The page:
One of the biggest reasons to expect early success out of Jameis Winston, other than his experience in a pro-style offense, is the presence of Mike Evans and Vincent Jackson on the Tampa Bay Buccaneers roster. You can't go wrong with two receivers capable of being true number ones, right? When James Brady of SB Nation ranked number two receivers yesterday, he listed Mike Evans among the elite tier -- that's really good.
But over at ESPN, Andrew Healy of Football Outsiders took an in-depth, statistical look at the history of first-year quarterbacks and quality receivers and came to the conclusion that no, it really doesn't matter all that much. Unless you have Randy Moss.
For instance, Anquan Boldin and Larry Fitzgerald did very little for rookie Matt Leinart, while Ryan Fitzpatrick wasn't helped by T.J. Houshmandzadeh (hey, I remembered how to spell his name) and Chad Johnson, nor did Tony Gonzalez and Dwayne Bowe really help Tyler Thigpen. The only player to consistently help first-year quarterbacks is Randy Moss, who elevated Daunte Culpepper's game to superstar levels and got Matt Cassel to look serviceable.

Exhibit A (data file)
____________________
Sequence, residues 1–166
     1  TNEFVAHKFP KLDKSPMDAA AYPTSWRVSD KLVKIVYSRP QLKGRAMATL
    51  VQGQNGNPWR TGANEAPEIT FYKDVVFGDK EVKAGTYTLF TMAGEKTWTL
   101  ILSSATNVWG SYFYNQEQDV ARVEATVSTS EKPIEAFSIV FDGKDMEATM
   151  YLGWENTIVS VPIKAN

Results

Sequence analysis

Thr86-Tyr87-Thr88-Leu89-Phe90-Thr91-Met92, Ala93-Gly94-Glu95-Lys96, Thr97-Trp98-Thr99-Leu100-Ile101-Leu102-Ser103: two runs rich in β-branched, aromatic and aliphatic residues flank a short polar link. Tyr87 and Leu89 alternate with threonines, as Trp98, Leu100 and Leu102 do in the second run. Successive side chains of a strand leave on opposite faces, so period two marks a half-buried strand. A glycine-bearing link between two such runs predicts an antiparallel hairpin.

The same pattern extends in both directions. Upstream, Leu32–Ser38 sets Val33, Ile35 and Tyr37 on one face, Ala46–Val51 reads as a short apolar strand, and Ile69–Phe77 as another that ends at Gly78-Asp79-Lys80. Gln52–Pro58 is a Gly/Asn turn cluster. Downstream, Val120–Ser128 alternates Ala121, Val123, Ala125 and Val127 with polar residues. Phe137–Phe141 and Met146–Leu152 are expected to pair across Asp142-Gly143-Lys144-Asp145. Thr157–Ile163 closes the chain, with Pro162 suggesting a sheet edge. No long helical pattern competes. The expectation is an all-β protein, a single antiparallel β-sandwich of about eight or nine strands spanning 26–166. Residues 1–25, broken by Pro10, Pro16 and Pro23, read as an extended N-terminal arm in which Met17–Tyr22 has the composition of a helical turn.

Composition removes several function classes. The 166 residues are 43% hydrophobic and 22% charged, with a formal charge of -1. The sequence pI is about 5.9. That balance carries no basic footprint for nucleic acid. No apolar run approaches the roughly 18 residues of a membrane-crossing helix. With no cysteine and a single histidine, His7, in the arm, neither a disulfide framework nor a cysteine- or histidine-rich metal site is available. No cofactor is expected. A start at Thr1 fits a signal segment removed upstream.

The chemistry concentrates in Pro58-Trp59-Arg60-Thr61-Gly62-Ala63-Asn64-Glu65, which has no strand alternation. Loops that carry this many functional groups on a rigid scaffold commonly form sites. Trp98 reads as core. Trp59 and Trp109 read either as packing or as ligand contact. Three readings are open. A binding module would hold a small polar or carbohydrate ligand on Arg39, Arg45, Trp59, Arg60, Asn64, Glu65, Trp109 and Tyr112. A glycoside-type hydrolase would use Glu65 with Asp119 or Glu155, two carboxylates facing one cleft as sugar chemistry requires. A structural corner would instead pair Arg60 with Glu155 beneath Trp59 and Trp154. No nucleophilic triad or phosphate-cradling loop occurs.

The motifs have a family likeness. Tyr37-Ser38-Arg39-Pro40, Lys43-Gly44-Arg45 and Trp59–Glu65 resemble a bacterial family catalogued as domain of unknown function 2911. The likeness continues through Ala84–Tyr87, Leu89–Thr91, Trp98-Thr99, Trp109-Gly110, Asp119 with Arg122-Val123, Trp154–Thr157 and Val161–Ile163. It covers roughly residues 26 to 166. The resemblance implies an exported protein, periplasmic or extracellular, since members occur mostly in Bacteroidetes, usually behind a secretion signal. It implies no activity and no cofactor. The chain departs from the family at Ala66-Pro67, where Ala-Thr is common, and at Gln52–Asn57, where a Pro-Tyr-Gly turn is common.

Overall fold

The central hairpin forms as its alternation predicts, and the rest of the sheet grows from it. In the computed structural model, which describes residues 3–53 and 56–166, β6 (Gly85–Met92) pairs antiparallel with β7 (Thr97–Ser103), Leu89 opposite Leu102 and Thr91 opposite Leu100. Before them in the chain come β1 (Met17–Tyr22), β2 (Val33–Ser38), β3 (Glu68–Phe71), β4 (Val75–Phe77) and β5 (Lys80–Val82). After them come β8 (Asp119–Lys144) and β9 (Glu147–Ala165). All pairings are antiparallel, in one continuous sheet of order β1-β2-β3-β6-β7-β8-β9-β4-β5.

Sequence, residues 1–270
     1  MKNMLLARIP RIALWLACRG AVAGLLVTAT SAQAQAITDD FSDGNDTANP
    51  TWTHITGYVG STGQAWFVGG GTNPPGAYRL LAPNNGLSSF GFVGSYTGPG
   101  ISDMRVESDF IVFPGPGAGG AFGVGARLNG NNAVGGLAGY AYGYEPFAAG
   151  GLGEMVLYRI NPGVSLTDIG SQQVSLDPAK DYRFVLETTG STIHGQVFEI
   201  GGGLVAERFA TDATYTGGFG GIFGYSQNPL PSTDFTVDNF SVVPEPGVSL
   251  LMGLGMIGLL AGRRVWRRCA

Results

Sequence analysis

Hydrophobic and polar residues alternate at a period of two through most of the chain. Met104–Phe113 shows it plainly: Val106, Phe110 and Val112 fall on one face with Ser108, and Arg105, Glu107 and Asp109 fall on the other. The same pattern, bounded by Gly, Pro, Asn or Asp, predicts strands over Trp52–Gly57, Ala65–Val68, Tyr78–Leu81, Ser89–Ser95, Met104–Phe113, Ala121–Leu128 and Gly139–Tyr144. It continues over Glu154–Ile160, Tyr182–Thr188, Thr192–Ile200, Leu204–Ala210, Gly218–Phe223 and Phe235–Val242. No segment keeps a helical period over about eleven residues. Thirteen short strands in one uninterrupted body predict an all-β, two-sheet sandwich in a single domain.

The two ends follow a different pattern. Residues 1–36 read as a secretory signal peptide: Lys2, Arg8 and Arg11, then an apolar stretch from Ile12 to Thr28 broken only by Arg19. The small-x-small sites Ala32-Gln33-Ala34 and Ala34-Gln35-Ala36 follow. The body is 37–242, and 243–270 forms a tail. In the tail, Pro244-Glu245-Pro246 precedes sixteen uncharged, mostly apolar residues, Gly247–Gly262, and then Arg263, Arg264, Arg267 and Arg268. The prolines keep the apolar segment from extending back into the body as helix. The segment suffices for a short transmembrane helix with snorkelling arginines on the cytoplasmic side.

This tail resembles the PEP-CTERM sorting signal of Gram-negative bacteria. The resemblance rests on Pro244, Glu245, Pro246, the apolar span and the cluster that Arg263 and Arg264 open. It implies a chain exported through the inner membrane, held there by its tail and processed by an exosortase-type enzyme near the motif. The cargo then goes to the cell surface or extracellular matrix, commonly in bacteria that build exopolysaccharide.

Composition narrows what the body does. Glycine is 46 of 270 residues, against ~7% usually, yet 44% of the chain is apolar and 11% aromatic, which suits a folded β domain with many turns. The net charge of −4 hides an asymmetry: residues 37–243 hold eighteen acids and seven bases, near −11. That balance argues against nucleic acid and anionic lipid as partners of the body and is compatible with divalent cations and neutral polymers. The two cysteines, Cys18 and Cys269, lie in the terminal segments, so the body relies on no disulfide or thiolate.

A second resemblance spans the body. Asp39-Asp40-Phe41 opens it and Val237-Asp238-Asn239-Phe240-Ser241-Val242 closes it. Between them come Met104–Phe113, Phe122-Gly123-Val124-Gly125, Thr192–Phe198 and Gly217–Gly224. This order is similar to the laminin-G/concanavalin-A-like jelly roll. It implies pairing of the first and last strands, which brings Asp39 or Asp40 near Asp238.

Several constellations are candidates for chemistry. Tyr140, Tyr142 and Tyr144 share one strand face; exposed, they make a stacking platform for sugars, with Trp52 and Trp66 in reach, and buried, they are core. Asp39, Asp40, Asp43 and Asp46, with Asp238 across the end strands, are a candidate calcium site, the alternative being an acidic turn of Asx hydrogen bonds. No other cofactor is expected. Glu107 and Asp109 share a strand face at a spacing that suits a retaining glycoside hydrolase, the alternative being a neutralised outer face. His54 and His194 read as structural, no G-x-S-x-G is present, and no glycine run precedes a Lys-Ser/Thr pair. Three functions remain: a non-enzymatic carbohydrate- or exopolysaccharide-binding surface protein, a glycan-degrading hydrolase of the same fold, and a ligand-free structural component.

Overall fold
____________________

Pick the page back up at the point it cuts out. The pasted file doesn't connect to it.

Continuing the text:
So what does that mean for the Buccaneers? Well, Jameis Winston isn't going to succeed because of his receivers. If he succeeds, it'll be because of his own qualities.
With very good rather than transcendent talent at receiver, Winston's situation in Tampa Bay is more of the norm: quarterbacks typically lift receivers rather than vice versa. And while Winston could do far worse than Evans and Jackson, he'll need the quality from his offensive line to improve regardless of who he's throwing to.
Winston does not walk into an overly favorable situation like Culpepper or Leinart, but it's not an unfavorable one, either. Credit for his success or failure will be mostly where you'd expect: on him.
I'm not sure we necessarily needed to get a detailed analysis to come to this conclusion. After all, Mike Evans and Vincent Jackson are both outstanding, though Jackson may be declining, but they're not the kinds of players who make quarterbacks outstanding -- otherwise, Josh McCown wouldn't have Josh-McCown'd last year.